Read the entire review here.

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The Time of the Multiracial

Posted in Articles, Book/Video Reviews, Literary/Artistic Criticism, Media Archive, United Kingdom, United States on 2015-09-03 17:25Z by Steven

The Time of the Multiracial

American Literary History
Volume 27, Number 3, Fall 2015
pages 549-556
DOI: 10.1093/alh/ajv026

Habiba Ibrahim, Associate Professor of English
University of Washington, Seattle

Habiba Ibrahim is the author of  Troubling the Family: The Promise of Personhood and the Rise of Multiracialism (2012). Her current book project, Oceanic Lifespans, examines how age and racial blackness have been mutually constituted.

These three recent studies all read how mixed racialism expresses and challenges the terms of US nationalism during the nineteenth and early twentieth centuries. Collectively, they account for a period when the nation developed as a global force through a series of racializing projects, implemented through intra- and international war, imperialist expansion and conquest, and the consolidation of the color line at home. Tropes such as miscegenation, tragic mulatta, and genres of mixedness such as the “racial romance” (Sheffer 3) reveal a key aspect of the cultural imagination during the turbulent era that led up to and inaugurated the “American Century.” Figures of deviant intimacy—interracial sex, incest, same-sex filiation—and figures of gender, such as the mulatto/a, and the tragic muse revealed the cultural outcomes of the unfinished project of nation building. All of these studies take racial mixedness and its correlating categories as key analytical starting points for unmasking the neutrality or invisibility of state power. Thus, they bring to mind the urgency of the current moment: what analytics can interrupt the post-ness—postracialism, postfeminism, and postidentitarianism—of the present?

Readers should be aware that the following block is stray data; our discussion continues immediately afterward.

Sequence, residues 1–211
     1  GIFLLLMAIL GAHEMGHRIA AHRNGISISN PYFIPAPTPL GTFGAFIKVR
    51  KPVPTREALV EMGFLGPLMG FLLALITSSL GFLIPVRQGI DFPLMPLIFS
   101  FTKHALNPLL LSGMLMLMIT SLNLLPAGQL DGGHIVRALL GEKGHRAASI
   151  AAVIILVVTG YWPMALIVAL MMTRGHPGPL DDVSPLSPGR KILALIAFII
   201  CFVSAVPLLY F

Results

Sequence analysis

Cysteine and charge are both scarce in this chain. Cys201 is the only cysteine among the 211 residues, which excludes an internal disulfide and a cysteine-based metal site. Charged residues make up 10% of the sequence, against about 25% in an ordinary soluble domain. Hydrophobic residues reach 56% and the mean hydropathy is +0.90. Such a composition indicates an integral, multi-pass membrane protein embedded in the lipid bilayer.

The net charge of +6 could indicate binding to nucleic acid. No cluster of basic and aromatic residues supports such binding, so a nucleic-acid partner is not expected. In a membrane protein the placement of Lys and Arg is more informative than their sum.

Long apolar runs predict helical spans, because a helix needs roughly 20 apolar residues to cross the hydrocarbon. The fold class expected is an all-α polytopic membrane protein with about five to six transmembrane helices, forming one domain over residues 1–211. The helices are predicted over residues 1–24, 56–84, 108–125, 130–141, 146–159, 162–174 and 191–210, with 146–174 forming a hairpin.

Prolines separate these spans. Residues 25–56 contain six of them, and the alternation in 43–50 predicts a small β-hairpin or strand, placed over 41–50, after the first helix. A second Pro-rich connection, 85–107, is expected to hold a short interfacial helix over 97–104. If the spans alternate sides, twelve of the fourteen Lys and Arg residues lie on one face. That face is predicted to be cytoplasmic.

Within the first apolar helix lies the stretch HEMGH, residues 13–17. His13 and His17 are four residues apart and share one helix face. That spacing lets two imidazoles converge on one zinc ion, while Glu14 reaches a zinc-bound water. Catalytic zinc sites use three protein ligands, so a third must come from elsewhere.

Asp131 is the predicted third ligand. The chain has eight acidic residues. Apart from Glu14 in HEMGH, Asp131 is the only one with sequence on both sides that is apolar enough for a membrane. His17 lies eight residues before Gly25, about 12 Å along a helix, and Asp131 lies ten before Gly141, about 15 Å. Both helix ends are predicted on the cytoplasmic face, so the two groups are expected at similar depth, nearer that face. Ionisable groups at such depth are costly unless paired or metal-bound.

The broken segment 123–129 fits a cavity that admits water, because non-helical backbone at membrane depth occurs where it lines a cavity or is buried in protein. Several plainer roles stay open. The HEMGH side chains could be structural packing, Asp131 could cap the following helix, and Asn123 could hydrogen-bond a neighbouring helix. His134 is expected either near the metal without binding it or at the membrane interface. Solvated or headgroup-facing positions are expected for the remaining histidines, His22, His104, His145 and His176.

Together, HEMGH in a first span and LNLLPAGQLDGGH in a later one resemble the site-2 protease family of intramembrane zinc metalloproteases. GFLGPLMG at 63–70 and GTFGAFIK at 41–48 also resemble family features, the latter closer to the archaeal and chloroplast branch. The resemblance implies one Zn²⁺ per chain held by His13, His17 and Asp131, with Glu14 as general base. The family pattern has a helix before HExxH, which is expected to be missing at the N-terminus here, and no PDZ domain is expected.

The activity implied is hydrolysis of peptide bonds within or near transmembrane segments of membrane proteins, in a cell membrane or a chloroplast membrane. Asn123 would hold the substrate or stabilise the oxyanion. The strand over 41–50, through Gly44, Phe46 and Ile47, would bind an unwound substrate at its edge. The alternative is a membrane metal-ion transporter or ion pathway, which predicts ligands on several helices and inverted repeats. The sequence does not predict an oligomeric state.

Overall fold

1. Neoliberalism, Postidentity

Twenty years ago, mixed racialism first appealed to literary scholars because it offered a critical space in which to explore the era’s political contradictions and transitions. During the heyday of the so-called multiracial movement, key developments in the cultural politics of identity were well under way. The culture wars were still raging with neoconservative moralists and left-of-center liberals vying for influence over social and political life. At the same time, neoconservatives  and neoliberals converged around the erosion of identitarian categories as social tools for making political and historical critiques. By the neoliberal era of the 1980s and 1990s identity was increasingly viewed as the stuff of separatist and single-issue groupthink, rather than as an instrument through which to analyze the operations and historicity of power. Perhaps this explains the remarkably accelerating cultural and scholarly interest in multiracial identity by the mid-1990s. After all, what did the appearance of the multiracial indicate? Under the umbrella term “multiracialism,” subjects with competing social, political, and cultural views formulated clashing accounts of how to situate race in US discourse. As a diagnostic tool, multiracialism bore the potential to cut through the present.